So the other day I was involved in a conversation that started off about all the businesses in dire need of help this summer and quickly switched to the jobs we had growing up in the summer months at the shore.  For most of my teen-age years and later I really didn’t have a choice….my father owned and operated amusement games on the boardwalk in Seaside Heights which meant long hours working for him.  However there were three others that stood out:

Casino Pool Locker Room Attendant-This was actually my first job when I was 12 and didn’t even have working papers.  What is now Breakwater Beach was at that time the largest salt water pool on the East Coast. I believe I made $1.25 an hour renting lockers to people who would often spend the entire day at the pool.

Umbrella Rentals- The Boyd Family had a beach concession where they rented umbrellas, rafts and more on the north side of the Casino Pier.  Anyway these were fairly heavy wooden umbrellas and when someone rented one you walked to their spot and put it up…of course hoping for a good tip.  On a hot day with a west wind it was not a lot of fun but taking the rafts out during your break was.  By the way on my first day I got a $20 tip for walking about 5 blocks in the hot sun…it was a record at that time.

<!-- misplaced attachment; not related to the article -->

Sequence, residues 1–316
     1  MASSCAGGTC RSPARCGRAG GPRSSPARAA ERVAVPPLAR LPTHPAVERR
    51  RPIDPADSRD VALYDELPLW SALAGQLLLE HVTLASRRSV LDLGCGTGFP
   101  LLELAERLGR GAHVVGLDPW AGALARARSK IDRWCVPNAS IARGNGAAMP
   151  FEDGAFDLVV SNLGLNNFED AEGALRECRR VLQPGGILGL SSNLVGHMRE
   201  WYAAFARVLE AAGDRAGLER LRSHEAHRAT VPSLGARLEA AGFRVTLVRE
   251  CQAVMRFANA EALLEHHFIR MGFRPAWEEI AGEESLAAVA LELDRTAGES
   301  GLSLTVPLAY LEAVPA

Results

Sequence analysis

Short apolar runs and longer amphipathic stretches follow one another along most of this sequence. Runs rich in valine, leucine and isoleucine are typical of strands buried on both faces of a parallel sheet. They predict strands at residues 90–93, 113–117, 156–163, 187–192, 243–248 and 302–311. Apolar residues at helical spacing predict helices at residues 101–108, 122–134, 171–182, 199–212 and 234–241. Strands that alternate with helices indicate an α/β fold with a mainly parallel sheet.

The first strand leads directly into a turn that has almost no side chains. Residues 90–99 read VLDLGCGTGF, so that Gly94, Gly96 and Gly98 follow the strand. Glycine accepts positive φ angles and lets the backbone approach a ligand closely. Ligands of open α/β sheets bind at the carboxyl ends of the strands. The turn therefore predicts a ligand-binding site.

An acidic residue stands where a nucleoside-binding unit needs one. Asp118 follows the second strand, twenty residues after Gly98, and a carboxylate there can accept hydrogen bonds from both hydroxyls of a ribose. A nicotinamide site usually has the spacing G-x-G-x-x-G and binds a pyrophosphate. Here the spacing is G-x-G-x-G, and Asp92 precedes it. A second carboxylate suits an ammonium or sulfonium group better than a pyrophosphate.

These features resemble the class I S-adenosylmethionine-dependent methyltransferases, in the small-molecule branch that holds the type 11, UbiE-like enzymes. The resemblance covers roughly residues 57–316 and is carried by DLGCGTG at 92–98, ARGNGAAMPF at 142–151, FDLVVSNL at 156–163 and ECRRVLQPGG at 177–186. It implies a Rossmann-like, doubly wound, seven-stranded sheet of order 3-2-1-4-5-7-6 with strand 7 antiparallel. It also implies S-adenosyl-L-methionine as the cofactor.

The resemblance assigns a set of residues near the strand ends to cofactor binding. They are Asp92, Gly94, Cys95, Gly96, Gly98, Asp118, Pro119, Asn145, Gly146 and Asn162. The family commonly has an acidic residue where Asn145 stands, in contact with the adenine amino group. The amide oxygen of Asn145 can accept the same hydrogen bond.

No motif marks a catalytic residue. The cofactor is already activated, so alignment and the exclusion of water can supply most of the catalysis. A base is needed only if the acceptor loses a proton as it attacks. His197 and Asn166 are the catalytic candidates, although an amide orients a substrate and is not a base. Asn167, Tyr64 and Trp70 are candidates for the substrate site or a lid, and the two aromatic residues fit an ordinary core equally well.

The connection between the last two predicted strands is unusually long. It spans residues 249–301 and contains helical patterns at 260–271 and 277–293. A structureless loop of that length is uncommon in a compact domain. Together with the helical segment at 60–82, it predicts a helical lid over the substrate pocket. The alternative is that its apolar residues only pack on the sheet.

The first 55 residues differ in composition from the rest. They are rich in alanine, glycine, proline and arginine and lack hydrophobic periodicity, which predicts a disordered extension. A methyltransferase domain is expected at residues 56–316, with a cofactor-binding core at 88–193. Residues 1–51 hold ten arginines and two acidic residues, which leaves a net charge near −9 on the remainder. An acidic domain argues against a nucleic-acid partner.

Tennis Court Attendant- This was the best summer job I ever had in 1977 when I was 21 years old. There were two public tennis courts in Seaside Heights and myself and one other person had to maintain them and handle reservations which required badges.  We split the hours between 8am-10pm and each worked a double shift so the other could have a day off.  Most of the time I sat in a beach chair, read and listened to music and yes played tennis while getting the best tan I ever had.  Oh and they even gave us a clothing allowance for a proper tennis wardrobe.

By the way there are still plenty of summer jobs at the Jersey Shore.

LOOK: Here are the 50 best beach towns in America

Every beach town has its share of pluses and minuses, which got us thinking about what makes a beach town the best one to live in. To find out, Stacker consulted data from WalletHub, released June 17, 2020, that compares U.S. beach towns. Ratings are based on six categories: affordability, weather, safety, economy, education and health, and quality of life. The cities ranged in population from 10,000 to 150,000, but they had to have at least one local beach listed on TripAdvisor. Read the full methodology here. From those rankings, we selected the top 50. Readers who live in California and Florida will be unsurprised to learn that many of towns featured here are in one of those two states.

Keep reading to see if your favorite beach town made the cut.











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